Don't worry--Being kind isn't a sign that you're "weak"

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There aren’t reality shows that highlight kindness as a virtue.

If we see kindness, it’s a 5-minute spot on the nightly news — rarely a feature story.

And I think I know why.

Kindness isn’t sensational. It’s quiet and unassuming.

Whereas emotions like anger and shame create huge responses, kindness plods along, one step after another, until it gets where it’s going.

But you’re probably wondering:

Who cares?

Why kindness is important

Kindness is important because there are hundreds of opportunities each day to make decisions about how you will act.

If you makes a lot of small decisions to be kind, eventually they will build up into something big.

And the small-becomes-big phenomenon will change your life.

Take this example:

Did someone insult you?

You have a choice now.

You could either:

1. Retaliate and prove that person wrong.

2. Respond with kindness.

One response inflames the situation.

The other is disarming because it catches your fiery foe off guard.

The person who attacks you is looking for a fight. No one verbally assaults another so that they can receive kindness in return. But that’s exactly what they need the most.

Responding with genuine kindness is a tremendous opportunity.

It teaches the person doing the attacking that the world doesn’t always work in predetermined ways.

It teaches the attacker that sometimes there are people who learn to control their emotions — and who use them to their advantage.

This is how the world changes — because of the ones who eschew predetermined roles and automatic responses.

The world evolves when individuals gain the awareness to notice the old and sorry patterns bringing them down — and then choose to step aside for a second to let the raging bull storm past.

The world changes for the better when we choose kindness.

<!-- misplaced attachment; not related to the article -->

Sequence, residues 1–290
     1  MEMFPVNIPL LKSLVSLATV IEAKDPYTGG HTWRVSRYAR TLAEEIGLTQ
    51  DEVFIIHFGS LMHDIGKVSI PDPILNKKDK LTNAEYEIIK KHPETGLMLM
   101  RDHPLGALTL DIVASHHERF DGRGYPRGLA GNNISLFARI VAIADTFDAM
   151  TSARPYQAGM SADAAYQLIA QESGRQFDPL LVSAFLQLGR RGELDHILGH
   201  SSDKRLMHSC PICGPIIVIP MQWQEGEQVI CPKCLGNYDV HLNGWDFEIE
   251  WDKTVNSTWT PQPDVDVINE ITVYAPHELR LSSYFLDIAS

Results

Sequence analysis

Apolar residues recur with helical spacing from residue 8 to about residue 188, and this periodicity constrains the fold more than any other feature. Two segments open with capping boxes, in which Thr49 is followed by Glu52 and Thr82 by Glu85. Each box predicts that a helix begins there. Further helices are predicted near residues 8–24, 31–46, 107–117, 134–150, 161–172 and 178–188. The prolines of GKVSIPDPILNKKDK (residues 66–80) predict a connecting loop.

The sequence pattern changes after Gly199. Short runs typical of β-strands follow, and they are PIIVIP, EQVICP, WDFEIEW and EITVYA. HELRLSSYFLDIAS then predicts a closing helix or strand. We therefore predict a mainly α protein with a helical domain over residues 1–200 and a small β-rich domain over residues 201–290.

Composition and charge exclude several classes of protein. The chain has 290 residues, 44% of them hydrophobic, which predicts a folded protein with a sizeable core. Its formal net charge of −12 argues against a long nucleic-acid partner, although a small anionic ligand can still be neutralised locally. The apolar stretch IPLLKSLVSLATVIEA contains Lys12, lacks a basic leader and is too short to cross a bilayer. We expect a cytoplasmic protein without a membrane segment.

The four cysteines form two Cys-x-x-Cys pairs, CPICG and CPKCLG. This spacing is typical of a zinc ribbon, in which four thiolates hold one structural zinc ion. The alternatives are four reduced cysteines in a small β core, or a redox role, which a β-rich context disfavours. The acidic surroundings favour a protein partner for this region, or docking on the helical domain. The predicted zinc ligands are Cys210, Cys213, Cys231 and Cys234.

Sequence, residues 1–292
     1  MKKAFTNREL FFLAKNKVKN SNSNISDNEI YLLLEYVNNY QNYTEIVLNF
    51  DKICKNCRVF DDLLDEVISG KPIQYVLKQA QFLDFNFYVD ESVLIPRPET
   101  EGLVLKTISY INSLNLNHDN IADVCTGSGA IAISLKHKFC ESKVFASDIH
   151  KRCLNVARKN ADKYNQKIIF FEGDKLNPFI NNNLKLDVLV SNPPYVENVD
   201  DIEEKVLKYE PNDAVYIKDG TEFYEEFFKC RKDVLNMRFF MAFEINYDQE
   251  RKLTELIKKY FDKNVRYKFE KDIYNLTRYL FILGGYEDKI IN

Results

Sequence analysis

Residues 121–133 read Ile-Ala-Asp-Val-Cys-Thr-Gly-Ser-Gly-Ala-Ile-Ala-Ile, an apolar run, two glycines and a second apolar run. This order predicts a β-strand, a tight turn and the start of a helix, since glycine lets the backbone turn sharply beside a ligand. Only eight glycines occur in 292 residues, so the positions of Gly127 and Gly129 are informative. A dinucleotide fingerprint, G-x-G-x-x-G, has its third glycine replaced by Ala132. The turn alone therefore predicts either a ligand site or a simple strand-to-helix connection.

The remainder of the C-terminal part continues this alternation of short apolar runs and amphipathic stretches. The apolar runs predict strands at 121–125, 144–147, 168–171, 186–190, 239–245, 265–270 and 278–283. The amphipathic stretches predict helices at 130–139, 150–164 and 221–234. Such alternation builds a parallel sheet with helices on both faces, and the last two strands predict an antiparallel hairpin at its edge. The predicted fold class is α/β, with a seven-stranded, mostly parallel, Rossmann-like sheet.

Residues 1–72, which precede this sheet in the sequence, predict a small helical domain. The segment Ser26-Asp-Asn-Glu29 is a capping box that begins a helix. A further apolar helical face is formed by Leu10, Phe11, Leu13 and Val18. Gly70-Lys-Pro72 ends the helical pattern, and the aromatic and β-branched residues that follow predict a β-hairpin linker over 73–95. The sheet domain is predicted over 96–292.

At this point, you might be rolling your eyes.

But really think about this for a second.

When does kindness NOT work in your favor?

I’m not saying that you should be a pushover. I’ve been called that in the past, and it didn’t sit very well with me.

I wanted to retaliate. My head immediately started creating stories about why I was right and my accuser was wrong.

My mind started searching for endless examples of how I was absolutely not a pushover — of how I definitely did not let people take advantage of me.

But it didn’t matter. And it still doesn’t.

Rumination doesn’t help.

It’s rarely the content that is important. It’s responding kindly to the content that matters.

It was only after I was able to calm my inflamed brain down that I could be gentle and kind with myself.

I could take an honest look at how I was feeling — and decide whether or not what I had been called was actually true for me.

After I pondered it, I realized that it affected me because there was some truth to what people were saying.

For much of my life, I had been too nice. I had let people take advantage of me.

But then I realized something: there is a big difference between being kind and immediately giving in to whatever is asked of me.

I realized that I wasn’t doing anyone any favors by giving into my automatic responses.

By taking time to think it over, I learned about myself. I changed.

I realized that I’m not being kind to myself if I take on too much.

And I’m not being kind to others when I fail to put up boundaries and honestly explain my current capacity.

There is honesty in kindness. Plain, unadorned honesty.

How can kindness transform YOUR life?

None of this means anything if it can’t improve your life.

Are there opportunities for you to replace an automatic response of yours with kindness?

How would that change your life for the better?

Think about the events of the past few days that produced the biggest emotional response in you or in others.

1. Could you have been kinder?

2. Could you have offered a helping hand?

3. Could you have put up a boundary, be it physical or emotional?

4. Could you have taught a lesson with an unconventional response?

Because you have to remember this: You teach others how to treat you.

 olive-skinned man and woman sitting on wooden bench with woman smiling and looking at man

Do you want to be known as the person who automatically reacts — the one who immediately goes on the defensive?

Or do you want to be the person who steps back, thinks it over, and chooses the kinder path?